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   February 2000 

Mountain winds take off

High, broad mountains with steep windward slopes, such as this mountain ridge on Kauai, one of the Hawaiian islands, can strongly affect coastal weather, according to a recent study by scientists at the National Center for Atmospheric Research. Photo from John Bortniak, NOAA.

Using an idealized numerical model, scientists at the National Center for Atmospheric Research have studied the effects that mountains such as the Sierra Nevada range and the Rocky Mountains have on cold fronts along the coast. Previous studies have shown that during the winter months the mountains can affect coastal weather, creating strong winds and heavy rainfall that cause mudslides. Two studies published in the February 1999 and October 1999 issues of the Journal of the Atmospheric Sciences examine what determines the strength of coastal winds, and how mountains affect the evolution of fronts.

Researchers Scott Braun, Richard Rotunno and Joseph B. Klemp ran two sets of simulations in their study. One focused on dry, inviscid (frictionless or ideal) dynamics, the other on the effects of surface friction. Creating simulations that used orography typical of the Western United States and Canada—high, broad mountains with steep, windward slopes—the scientists found that when coastal winds hit steep mountains they decelerate abruptly, creating a pressure imbalance. This pressure imbalance results in southerly winds accelerating to speeds above 50 miles per hour in some cases. The strength of this high-speed wind, called a barrier jet, largely depends on the mountain’s width.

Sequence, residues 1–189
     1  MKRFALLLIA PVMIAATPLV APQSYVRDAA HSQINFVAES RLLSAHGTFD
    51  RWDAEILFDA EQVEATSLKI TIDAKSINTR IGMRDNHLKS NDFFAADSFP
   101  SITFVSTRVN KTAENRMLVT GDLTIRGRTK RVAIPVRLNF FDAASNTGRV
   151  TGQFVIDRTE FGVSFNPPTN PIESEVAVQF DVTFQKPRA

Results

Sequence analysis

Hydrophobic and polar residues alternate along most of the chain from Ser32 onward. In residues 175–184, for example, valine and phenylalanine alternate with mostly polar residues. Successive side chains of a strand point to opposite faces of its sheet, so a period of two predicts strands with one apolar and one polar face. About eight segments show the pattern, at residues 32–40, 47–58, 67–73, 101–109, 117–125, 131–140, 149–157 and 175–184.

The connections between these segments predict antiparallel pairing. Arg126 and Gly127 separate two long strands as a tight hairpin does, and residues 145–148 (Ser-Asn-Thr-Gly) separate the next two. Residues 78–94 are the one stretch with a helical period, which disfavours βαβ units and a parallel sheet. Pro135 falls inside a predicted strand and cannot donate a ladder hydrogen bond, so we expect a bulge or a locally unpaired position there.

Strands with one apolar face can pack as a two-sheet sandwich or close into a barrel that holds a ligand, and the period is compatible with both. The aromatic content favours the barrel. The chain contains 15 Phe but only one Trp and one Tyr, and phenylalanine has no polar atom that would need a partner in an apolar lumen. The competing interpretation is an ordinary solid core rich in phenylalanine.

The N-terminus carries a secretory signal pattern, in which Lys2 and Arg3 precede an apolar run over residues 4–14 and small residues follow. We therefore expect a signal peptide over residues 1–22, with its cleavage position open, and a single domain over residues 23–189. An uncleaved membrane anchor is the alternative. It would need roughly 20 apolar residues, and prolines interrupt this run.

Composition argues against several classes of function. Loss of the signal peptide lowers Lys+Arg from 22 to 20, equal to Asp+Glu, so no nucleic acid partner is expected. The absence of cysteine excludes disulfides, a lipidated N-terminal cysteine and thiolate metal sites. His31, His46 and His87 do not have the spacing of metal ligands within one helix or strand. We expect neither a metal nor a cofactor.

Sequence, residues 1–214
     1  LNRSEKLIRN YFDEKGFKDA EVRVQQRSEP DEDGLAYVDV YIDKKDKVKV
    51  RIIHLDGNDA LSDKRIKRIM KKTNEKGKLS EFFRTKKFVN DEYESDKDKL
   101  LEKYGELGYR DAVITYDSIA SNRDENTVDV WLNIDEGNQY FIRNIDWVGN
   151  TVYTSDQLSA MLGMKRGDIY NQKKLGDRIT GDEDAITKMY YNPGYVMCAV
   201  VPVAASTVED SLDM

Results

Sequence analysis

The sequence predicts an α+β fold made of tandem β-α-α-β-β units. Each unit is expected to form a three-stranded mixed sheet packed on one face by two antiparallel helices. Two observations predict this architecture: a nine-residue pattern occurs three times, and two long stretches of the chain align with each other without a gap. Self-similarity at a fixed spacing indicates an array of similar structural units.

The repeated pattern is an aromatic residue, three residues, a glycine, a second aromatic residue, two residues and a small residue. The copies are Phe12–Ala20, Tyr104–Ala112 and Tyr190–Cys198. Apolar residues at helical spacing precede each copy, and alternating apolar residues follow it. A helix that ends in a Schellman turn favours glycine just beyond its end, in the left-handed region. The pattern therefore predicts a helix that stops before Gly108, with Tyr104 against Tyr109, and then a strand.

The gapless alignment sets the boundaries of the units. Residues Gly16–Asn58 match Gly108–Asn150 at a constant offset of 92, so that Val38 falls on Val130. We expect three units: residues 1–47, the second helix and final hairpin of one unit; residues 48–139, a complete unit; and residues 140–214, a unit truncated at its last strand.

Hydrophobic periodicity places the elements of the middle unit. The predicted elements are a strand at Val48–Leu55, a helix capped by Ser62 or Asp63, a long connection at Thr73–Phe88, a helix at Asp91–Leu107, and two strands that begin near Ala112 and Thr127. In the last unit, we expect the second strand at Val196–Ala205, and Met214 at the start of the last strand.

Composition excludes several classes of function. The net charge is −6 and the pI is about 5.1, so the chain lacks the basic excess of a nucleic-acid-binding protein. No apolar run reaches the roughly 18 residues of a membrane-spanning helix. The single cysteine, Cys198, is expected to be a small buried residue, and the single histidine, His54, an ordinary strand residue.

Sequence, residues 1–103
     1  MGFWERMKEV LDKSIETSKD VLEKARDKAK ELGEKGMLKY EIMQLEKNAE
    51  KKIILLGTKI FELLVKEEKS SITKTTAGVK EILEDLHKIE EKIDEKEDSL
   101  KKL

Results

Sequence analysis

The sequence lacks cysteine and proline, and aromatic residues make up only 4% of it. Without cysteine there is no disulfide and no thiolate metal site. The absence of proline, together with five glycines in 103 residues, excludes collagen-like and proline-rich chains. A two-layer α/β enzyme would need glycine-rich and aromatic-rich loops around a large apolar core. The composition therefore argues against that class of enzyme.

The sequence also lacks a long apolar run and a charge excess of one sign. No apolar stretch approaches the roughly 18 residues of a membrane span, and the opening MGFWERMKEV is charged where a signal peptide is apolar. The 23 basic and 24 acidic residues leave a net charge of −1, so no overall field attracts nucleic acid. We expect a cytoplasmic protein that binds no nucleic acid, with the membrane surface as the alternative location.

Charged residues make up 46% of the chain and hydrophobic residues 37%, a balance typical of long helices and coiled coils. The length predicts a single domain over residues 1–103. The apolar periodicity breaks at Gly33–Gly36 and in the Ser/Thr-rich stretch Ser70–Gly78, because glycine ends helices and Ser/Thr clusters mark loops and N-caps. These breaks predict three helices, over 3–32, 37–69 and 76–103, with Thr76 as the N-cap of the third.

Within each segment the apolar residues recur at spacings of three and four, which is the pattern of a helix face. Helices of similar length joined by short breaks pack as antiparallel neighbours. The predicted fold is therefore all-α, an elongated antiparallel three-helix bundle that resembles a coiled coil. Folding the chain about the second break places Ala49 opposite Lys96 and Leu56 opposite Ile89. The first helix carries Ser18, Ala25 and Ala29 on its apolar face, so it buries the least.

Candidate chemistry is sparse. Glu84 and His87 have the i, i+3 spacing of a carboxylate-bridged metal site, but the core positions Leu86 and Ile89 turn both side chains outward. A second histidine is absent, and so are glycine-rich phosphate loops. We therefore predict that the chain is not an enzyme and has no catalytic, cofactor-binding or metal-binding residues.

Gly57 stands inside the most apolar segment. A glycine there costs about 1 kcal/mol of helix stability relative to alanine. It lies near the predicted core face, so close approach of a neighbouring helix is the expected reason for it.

The simulations also show that the eastward movement of fronts could be hindered along the coast by a combination of blocking by the mountains and increased friction over land. The lifting of air by the mountains and the slower frontal movement can contribute to heavy rainfall in the coastal zone. Winds associated with the front can combine with those of the barrier jet. Strong winds can form before a front when southerly frontal winds combine with the southerly barrier jet. However, weak winds can result behind the front as northerly winds behind the front combine with the southerly barrier jet, effectively canceling each other.

—Livia Levis
contributing writer